"Not one of the creatures of blood can escape death. We all face it, and succumb to it. It follows us like a dark shadow. Yet, if we live in terror of it, then we do not live at all. Yes we are born alone, and yes we will die alone. But in between, we live. We know joy." --David Gemmell, Sword in the Storm

Re:First David Gemmell, now Robert Jordan (1)

19thNervousBreakdown (768619) | more than 6 years ago | (#20633339)

You need to take the words "five or" out of that post. Book 6 was without a doubt one of the best fantasy books ever written, even if you say only because of Dumai's Wells. The end--"Kneel, or you will be knelt."--still gives me goosebumps just remembering it.

Why Does It Matter? (1)

logicnazi (169418) | more than 6 years ago | (#20632845)

Not that James Rigney died, I'm sure his family will miss him, but that someone else will finish the last book. Ohh and you **can't** doubt that it will be released, it's worth too much money to the publisher.

I mean I too have the feeling that somehow it doesn't 'count' if you hear someone else's end to the story but why? Sure you might say they didn't have the original vision but why should it matter? Maybe their vision of the ending is better. It's not like there aren't plenty of authors who give an unsatisfying ending where you (an amatuer) are sure you could have done better so why shouldn't you believe the expert responsible for finishing it up won't be just as good as whoever wrote them originally?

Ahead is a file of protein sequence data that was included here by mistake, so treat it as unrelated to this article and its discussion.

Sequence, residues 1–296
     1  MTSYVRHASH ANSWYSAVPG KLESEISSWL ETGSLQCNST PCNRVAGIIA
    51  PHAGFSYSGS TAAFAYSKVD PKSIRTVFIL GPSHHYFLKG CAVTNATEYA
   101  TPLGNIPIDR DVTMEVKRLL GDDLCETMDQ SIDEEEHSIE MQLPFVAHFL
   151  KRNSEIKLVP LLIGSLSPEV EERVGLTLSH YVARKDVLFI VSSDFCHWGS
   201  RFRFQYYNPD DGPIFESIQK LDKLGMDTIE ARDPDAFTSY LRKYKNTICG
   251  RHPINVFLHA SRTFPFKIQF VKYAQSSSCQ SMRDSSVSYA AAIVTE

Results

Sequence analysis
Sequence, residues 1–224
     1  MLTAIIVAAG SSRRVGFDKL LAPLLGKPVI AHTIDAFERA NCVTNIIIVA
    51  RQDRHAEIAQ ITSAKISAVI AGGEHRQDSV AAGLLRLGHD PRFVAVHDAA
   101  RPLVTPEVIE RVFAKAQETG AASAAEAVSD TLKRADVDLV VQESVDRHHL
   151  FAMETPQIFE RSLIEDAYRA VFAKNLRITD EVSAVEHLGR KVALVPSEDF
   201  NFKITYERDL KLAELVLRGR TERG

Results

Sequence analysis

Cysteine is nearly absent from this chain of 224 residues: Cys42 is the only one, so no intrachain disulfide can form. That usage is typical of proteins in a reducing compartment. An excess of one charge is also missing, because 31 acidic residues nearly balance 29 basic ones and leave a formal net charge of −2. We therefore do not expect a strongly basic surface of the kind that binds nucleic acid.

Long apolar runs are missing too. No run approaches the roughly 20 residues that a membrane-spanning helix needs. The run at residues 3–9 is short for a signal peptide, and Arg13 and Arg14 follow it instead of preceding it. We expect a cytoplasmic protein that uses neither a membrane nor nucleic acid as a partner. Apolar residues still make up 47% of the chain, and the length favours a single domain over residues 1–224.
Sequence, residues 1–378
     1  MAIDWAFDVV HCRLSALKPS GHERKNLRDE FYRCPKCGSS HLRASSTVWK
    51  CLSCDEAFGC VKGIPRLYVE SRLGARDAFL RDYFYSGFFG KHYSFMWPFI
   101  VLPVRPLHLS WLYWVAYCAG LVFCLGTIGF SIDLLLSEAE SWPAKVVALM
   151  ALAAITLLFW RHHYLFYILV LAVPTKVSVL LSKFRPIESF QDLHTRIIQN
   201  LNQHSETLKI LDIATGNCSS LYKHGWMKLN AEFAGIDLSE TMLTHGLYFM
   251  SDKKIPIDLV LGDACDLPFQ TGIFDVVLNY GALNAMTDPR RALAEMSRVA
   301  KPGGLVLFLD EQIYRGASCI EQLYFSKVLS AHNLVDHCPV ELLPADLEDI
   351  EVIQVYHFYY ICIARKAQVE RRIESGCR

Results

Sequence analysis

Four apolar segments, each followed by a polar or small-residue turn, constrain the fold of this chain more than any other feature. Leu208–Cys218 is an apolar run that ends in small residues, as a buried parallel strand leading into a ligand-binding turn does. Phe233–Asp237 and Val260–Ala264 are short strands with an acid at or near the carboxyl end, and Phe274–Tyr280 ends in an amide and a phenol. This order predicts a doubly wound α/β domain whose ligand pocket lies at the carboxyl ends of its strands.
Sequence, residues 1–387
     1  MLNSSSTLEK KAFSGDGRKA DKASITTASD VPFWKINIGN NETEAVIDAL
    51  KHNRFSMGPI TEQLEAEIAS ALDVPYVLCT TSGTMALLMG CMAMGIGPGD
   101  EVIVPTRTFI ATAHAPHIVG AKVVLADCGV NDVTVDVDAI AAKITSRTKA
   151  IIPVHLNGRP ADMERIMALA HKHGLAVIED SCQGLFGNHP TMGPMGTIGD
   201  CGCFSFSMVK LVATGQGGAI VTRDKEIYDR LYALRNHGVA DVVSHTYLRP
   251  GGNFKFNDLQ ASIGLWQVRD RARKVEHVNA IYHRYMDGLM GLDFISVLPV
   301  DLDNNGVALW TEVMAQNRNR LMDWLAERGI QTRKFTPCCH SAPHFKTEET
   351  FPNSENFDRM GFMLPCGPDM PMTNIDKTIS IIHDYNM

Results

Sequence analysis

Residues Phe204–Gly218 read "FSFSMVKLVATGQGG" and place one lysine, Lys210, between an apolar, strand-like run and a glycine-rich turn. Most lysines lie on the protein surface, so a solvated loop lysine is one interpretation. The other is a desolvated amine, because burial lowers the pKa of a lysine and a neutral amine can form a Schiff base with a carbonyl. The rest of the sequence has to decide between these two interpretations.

Luckily I think in this situation enough info was communicated to make this a non-issue. Though I've never gotten past book 9 or so.

a shame (0)

Anonymous Coward | more than 6 years ago | (#20632939)

This is a real shame. It sounds to me like he was beating the disease, but the damage to his heart was too far along and that's what killed him. Hopefully the publicity will help others who are similarly inflicted.

I'll buy the final book when it comes out. Not because I think it will be a great conclusion to the series, but just so I can have some closure.

Autodelete (0)

Anonymous Coward | more than 6 years ago | (#20632969)

I seem to recall reading somewhere that Jordan had a particular vision for how he wanted the series to turn out (although many of the comments on this post suggest otherwise) and that he felt so strongly about not having someone else take his notes and direct his work in the event of him passing away that he had a set up in place to delete his notes should he die (whether this was some crude setup that could easily be defeated by booting from a device other than his computer's hard drive and then mounting the drive or something a little more complex I have no idea) - at the time this is one of the main reasons I didn't start reading the series. Did anyone else hear this rumor?

Damn! (1)

Garridan (597129) | more than 6 years ago | (#20632973)